the final piece of the promise

Posted: December 31, 2013 in Uncategorized

I feel like this blog should start with some kind of dignified processional music, or some kind of crazy happy dance or something.  Maybe this would be a good occasion for you to stop and check out a bit of this 24-hour long music video that makes me grin every time I peek in on it (and if you can watch for 10 minutes and then not find yourself dancing in your chair, I don’t understand you at all.)  You know what today is?  THE LAST DAY!!!  The very last day of my promise to write every single day in 2013!!!  Baby, we are here!!! Image 

Mission accomplished.  I didn’t miss a single day.  A lot of days, I wrote more than once.  I am not going back this afternoon to count how many times I wrote in 2013.  But I already know this for sure:  I wrote more times this year than I have in any other year of my life.  Some of it was good, some of it was meh, some of it was Holy Spirit inspired, some of it was self absorbed and vain, some of it was pointless and boring, some of it was extremely compelling, and most of it was way too unedited. 

Last month I was discussing this promise with a writer I know.  She was slightly incredulous of the experiment.  What was the point of it?  Why write just to be writing?  I don’t think she approved, but then in her defense, I wasn’t articulating very well what the whole thing was about.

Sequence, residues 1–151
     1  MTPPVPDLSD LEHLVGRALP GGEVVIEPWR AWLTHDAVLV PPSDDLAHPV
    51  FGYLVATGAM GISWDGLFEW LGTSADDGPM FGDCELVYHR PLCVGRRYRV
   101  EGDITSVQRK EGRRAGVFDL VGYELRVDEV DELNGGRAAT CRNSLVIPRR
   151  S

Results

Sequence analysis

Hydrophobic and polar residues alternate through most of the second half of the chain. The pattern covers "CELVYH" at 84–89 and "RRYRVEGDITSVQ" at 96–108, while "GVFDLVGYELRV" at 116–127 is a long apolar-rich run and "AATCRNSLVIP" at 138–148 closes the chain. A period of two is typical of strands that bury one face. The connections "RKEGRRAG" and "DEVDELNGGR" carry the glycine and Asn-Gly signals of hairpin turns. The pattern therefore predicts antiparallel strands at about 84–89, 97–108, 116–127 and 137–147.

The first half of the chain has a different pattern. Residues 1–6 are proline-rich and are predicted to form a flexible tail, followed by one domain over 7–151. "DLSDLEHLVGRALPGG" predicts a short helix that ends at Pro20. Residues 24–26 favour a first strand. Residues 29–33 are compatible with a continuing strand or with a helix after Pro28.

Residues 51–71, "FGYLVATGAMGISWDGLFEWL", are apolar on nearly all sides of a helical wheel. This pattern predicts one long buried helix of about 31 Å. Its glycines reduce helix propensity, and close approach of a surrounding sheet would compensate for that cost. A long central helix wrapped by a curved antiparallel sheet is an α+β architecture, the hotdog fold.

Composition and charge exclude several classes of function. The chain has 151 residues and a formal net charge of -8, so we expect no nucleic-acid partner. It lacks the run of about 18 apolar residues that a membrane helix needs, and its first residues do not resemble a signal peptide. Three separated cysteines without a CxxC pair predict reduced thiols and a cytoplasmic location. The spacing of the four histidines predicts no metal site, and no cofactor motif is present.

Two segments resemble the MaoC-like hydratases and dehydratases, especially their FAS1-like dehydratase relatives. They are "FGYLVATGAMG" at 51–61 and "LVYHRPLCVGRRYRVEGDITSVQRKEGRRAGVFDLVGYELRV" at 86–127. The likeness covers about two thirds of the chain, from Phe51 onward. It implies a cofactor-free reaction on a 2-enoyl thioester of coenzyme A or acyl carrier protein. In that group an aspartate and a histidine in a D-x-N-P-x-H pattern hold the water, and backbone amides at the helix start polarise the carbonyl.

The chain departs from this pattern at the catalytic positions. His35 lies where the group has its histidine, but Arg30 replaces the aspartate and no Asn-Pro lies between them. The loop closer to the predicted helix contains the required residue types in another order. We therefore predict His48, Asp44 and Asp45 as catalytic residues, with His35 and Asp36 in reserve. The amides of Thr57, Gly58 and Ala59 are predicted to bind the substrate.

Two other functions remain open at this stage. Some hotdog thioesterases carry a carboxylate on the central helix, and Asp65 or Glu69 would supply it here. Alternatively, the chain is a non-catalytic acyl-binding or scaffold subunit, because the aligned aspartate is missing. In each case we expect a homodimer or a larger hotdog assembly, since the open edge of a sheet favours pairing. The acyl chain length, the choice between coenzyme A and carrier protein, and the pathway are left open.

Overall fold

What got me started was simply that some of my favorite bloggers and other published authors have so heavily emphasized that if one wants to make it in the writing world, the most important thing is to develop the discipline of regular writing.  Many of my most trusted writing voices have stated strongly:  don’t focus so much on getting it perfect.  Don’t wait until you feel inspired.  WRITE.  Write messily, write pointlessly, write pages just to delete them, but WRITE, if you ever want to have hope of honing your craft.  So this year was not about getting it perfect.  This year was about me learning to suit up and show up.  It was about me letting go of my need to proofread perfectly on the first round, so that I can let go and create (and, in theory, go back later on cleanup detail).  It was about proving to myself that it is absolutely possible to step out in faith, that there are words in me every day or that where I have no words, Holy Spirit will step in and blow my tiny little mind. 

Do I want to keep an endless promise to just keep on writing daily forever?  Nope.  It was an experiment, a training exercise, a discipline builder, a learning activity.  I want to write consistently, going forward.  But I will give myself permission to miss some days along the way now. 

What I’d like to do in the coming year is work the proofreading process back in a little more.  My proofing has been a nightmare all year. and I just about start twitching when I reread blogs from the year and see SO MANY ERRORS.  (Prideful Karen would like to point out to you that on this test I easily got 100% first time around – I KNOW GRAMMAR – it just gets away from me when I am hurrying and multi-tasking and sleepy and distracted etc!)

I am still working out what my writing goal needs to be for 2014.  I don’t know.  Maybe it will come to me tomorrow.  In the meantime, what did I learn from writing every single day of this year?  I think there are basically two big lessons, along with endless little ones.